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Phil-osophically Speaking

The Inflation Paradox

There is, I confess, a kind of perverse pride at work when I consider that my predictions about Obama’s economic policies have been borne out: an environment of minimal growth, alarming indebtedness, higher taxes and steep and protracted unemployment. Still, I would rather be a jovial myopic than a dismal prophet.

But this is not an exercise to flatter my vanity or celebrate my prescience, I can regale you chapter and verse on where I’ve gone awry in the past. Instead I choose to focus on what I got wrong on a subject in which I got nearly everything right. In a word it’s inflation. It’s almost non-existent and in an economy flushed with cash, courtesy of the U.S. Treasury Department, there should be too many dollars chasing too few goods. The effect of such an imbalance is inflation. But we’ve had very little of that and that’s a good thing since inflation is theft; it steals value from people’s savings and savings is a symptom of a healthy economy. 

So what gives; have we been hoodwinked by the mysterious workings of the Federal Reserve Board chaired by one Ben Bernanke? What happened was that after several years of virtually zero interest rates and the economy moving forward like a tortoise with severe leg cramps, the Federal Reserve put the economy on steroids via quantitative easing. This delicate operation increases the money supply by having the central bank purchase bonds or assets from the government. This extra cash is supposed to stimulate spending that will grow the economy. But this old bit of Keynesian theorizing fell flat on its flat face, since every study showed that both consumers and corporations continue to hoard cash. Uncertainty is one of the great restraining forces of the Universe and our economy is up to the gills with uncertainty.

 In its centennial year the Federal Reserve implacably defies the purpose of its creation, which was to be an independent regulator of the money supply among other things. Instead, it behaves like chattel in thrall of its master: Congress and its profligate ways. How else to explain the Fed covering Congressional deficits of more than a trillion a year with worthless paper? These measures, however, delay the inevitable. Financial policy is abstract and complex, but the laws of supply and demand are a force of nature and, much like gravity, it’s bound to have its way no matter what artificial controls the Fed applies. Because of such rude intrusions one begins to understand why Ron Paul and other libertarians want to audit the Fed if not dismantle the Leviathan.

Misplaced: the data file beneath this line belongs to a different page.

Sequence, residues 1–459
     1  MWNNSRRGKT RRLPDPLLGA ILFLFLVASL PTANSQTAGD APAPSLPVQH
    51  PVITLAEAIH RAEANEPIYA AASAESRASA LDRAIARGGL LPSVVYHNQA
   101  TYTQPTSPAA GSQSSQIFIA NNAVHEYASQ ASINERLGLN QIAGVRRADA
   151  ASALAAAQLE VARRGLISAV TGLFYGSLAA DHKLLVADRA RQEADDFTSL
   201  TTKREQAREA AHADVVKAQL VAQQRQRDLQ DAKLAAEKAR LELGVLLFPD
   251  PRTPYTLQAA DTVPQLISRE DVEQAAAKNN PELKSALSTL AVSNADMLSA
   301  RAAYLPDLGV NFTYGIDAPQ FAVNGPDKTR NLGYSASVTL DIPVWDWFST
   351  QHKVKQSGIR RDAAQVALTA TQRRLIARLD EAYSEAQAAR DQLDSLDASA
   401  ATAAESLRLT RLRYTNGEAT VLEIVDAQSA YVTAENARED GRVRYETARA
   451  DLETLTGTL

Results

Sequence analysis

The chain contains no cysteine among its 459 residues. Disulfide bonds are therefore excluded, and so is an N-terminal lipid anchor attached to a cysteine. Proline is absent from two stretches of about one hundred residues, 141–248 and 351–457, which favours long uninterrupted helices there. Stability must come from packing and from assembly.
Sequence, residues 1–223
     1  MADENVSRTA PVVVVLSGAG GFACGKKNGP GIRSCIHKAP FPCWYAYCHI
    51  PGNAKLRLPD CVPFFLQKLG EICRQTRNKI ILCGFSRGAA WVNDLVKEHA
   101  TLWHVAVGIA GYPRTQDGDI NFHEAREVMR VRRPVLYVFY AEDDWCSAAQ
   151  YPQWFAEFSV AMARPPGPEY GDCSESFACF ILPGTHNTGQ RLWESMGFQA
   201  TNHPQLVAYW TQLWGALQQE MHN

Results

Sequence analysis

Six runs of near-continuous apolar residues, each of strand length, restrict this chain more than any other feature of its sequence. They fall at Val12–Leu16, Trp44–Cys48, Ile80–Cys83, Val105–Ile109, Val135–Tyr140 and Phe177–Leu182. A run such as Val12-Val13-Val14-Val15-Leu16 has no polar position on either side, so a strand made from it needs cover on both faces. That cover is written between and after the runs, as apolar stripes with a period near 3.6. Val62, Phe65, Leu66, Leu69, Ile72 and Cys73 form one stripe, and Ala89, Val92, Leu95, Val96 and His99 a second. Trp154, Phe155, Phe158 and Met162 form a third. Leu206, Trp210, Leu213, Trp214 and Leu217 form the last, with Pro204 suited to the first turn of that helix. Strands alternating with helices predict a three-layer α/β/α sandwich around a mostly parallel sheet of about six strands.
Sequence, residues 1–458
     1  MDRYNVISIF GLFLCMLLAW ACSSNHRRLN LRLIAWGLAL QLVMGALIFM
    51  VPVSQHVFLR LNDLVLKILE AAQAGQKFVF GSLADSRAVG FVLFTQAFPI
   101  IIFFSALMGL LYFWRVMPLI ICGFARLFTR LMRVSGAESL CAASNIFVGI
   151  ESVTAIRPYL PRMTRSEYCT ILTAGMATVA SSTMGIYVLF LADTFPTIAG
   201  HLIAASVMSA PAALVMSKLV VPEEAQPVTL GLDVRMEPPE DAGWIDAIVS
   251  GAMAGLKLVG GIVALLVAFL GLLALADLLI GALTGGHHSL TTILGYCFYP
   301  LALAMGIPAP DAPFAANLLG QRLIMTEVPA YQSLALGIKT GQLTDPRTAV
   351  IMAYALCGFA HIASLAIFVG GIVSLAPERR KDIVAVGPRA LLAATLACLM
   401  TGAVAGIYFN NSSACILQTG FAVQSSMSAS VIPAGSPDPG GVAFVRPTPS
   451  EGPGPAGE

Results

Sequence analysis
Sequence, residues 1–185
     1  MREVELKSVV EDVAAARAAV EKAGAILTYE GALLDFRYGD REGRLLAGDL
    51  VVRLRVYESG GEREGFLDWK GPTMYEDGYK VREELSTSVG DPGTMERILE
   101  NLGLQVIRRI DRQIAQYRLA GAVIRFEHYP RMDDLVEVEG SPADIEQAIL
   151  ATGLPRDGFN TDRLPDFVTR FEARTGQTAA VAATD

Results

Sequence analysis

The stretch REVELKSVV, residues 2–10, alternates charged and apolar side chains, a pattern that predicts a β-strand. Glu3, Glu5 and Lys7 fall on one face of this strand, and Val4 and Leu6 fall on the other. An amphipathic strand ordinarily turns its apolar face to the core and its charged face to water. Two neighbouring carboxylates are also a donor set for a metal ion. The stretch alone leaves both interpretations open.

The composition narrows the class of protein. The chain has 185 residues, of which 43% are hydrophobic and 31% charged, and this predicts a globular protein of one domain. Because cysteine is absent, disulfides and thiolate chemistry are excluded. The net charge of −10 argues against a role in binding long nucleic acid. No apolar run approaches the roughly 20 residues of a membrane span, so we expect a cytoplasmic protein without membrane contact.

I would not push the envelope so far since the Federal Reserve, like the deservingly maligned United Nations, has its uses, though one has to scratch his head some before discerning what they are. There was a time when the informed, like the suavely persuasive Walter Heller, one of President Kennedy’s principal economic advisors, could argue that the Federal Reserve served a purpose in reacting to external events: A jump in OPEC prices, a surge in consumer spending, the overreacting of capitalism’s animal spirits. It is therefore sensible to have someone at the command post of fiscal and monetary policy to change course and make adjustments. This was a questionable practice even when Heller was around, but now we have the Fed reacting not so much to external events as internal ones in the form of massive government expenditures.   

The Federal Reserve reminds me of what the long time New York Times editorialist James Reston said about Richard Nixon: He inherited some good instincts from his Quaker forebears but by diligent, hard work overcame them. So it is with the Fed as they labor to manage an economy that naturally defies being managed. Just as government policy has an abysmal record with wage and price controls, it’s certain that it will do no better at fixing the rate of inflation and interest rates. My suspicion is, and I believe it’s an informed suspicion, that as soon as there is a bona fide recovery both interest rates and inflation, unless thwarted by a change of heart in the Oval Office, will find their launching pad.